Restoring Vintage Audio Equipment

Phoenix HiFi

The choke assembly's fit is checked in the  Sibling's chassis and the goals of secure mounting and reversibility are met.  Next step is to begin the Sibling rebuild and incorporate the choke mod.

Drilled and countersunk 1/8" thick aluminum mounting plates made from bar stock from the hardware store.

The choke, a Hammond 159Q would replace R28 in the schematic.  C12 was also replaced with a 4 section can cap, so C12A is now 20uF.  Since the choke's internal resistance was 100 ohms, close to the  150 ohm value of R28, and since the smaller C12A would drop the input voltage a little bit, I did not add the difference of 50 ohms back in to the circuit.  So it looked like electrically it would work and there appeared to be enough room to make it fit, so I needed to figure out a way to make it solid mechanically, yet reversible. The answer was to fabricate an aluminum bracket that would fasten to the transformer lugs and to which the choke could be fastened.

This is what the Sibling's  chassis looked like underneath before work began.  You can see that there is a bunch of room below the power transformer on the right of this photo.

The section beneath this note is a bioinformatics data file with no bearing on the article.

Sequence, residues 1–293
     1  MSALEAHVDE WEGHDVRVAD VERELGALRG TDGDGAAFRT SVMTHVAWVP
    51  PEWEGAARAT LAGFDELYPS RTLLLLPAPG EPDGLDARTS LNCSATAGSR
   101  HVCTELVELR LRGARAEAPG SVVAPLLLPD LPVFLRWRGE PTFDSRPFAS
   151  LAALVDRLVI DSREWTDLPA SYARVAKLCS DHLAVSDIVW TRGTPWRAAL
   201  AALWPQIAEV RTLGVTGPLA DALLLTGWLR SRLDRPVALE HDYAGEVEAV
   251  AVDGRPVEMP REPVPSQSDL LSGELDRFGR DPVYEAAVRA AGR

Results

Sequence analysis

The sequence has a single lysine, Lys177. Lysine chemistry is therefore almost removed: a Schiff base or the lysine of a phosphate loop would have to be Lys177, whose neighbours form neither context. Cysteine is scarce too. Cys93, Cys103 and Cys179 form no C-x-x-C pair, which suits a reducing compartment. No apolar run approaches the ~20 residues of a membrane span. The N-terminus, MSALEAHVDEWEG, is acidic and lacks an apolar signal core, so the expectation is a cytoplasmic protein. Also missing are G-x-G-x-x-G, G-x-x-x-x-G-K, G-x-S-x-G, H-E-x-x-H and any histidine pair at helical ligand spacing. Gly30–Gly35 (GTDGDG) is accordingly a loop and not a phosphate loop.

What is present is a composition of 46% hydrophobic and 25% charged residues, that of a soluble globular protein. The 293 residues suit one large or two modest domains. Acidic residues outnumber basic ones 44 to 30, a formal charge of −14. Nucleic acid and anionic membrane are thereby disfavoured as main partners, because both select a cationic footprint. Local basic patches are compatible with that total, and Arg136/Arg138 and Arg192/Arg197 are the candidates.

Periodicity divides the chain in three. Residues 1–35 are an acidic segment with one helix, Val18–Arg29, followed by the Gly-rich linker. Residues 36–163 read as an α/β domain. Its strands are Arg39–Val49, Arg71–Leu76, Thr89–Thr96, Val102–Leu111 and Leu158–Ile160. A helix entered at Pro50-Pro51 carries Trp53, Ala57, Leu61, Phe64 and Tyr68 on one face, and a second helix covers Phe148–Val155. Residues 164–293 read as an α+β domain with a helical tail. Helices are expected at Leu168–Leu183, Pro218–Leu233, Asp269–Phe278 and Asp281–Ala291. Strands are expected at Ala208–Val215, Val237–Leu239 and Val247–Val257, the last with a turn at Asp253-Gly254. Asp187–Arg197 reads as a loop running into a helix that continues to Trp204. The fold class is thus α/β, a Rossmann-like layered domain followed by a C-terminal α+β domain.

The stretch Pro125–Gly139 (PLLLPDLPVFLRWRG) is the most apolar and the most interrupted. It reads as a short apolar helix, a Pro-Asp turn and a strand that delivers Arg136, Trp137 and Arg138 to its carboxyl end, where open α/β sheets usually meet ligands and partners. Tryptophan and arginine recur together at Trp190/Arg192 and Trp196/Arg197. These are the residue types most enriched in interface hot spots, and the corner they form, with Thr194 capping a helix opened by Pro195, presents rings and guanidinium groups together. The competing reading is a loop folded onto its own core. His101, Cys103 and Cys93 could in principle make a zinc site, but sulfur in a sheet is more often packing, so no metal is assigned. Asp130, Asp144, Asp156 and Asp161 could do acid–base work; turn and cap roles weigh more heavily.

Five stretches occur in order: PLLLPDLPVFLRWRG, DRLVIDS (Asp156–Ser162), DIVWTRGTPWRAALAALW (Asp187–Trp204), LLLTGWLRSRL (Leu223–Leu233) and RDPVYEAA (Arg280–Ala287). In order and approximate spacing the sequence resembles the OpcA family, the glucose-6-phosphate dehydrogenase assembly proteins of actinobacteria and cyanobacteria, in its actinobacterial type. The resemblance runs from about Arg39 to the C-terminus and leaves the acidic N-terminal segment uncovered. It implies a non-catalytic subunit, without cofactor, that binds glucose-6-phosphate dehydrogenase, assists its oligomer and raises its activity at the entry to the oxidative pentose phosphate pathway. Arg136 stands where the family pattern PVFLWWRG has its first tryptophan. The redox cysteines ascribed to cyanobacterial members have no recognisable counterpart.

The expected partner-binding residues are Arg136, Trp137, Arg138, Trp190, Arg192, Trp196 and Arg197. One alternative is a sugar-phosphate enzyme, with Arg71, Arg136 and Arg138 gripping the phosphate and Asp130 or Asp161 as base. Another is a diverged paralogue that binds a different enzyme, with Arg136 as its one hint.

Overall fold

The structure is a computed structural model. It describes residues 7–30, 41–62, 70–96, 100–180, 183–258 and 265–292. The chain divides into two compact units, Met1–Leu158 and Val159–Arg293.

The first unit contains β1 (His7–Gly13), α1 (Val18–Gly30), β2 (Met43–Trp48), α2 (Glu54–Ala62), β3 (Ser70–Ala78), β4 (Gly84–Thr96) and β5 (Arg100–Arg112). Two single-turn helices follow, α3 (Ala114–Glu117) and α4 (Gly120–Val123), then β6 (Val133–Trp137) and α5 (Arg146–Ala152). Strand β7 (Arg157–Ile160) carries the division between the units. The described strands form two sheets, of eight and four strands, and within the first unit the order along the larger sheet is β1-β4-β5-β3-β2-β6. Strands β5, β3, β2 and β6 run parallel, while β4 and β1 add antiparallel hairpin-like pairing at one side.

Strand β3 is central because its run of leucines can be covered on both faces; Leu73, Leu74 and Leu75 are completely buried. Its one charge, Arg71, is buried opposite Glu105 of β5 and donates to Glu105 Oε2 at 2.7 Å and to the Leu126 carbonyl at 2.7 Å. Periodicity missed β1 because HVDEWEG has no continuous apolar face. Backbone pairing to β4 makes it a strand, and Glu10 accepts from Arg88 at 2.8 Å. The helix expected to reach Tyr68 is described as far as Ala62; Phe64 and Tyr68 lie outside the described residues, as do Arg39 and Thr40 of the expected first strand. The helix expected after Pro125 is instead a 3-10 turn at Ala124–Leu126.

After working on a nice pair of MacKit 30s for the owner of a local audio store, I picked up another McIntosh MC30, I call it the Sibling, from Joe Auwen in Prescott, AZ,  to go along with a well preserved sample that I've owned for about 10 years, but only displayed. The new unit's chassis was in pretty rugged shape, with corrosion and downright rust on the top of the chrome chassis, but no apparent dents or gouges in the transformers.  Joe also has tons of parts for the MC30s including these beautiful reproduction chassis, so since the old chassis was a real basket case, I picked up a new one while I was there.     One thing I've been thinking about since the MacKit rebuild was the possibility of adding a power supply choke.  A friend had asked me to add a choke to his Yaqin MC-84L amp, which turned out to be quite successful, sound wise, so since many of the MC30's  cousins have chokes, I wondered what it would sound like with the chokes.  Fortunately, there is enough room underneath the chassis to install a 7H 150mA choke without permanently modding the chassis itself.  I wanted to be able to remove the choke and return the unit to stock in the future if it didn't work out.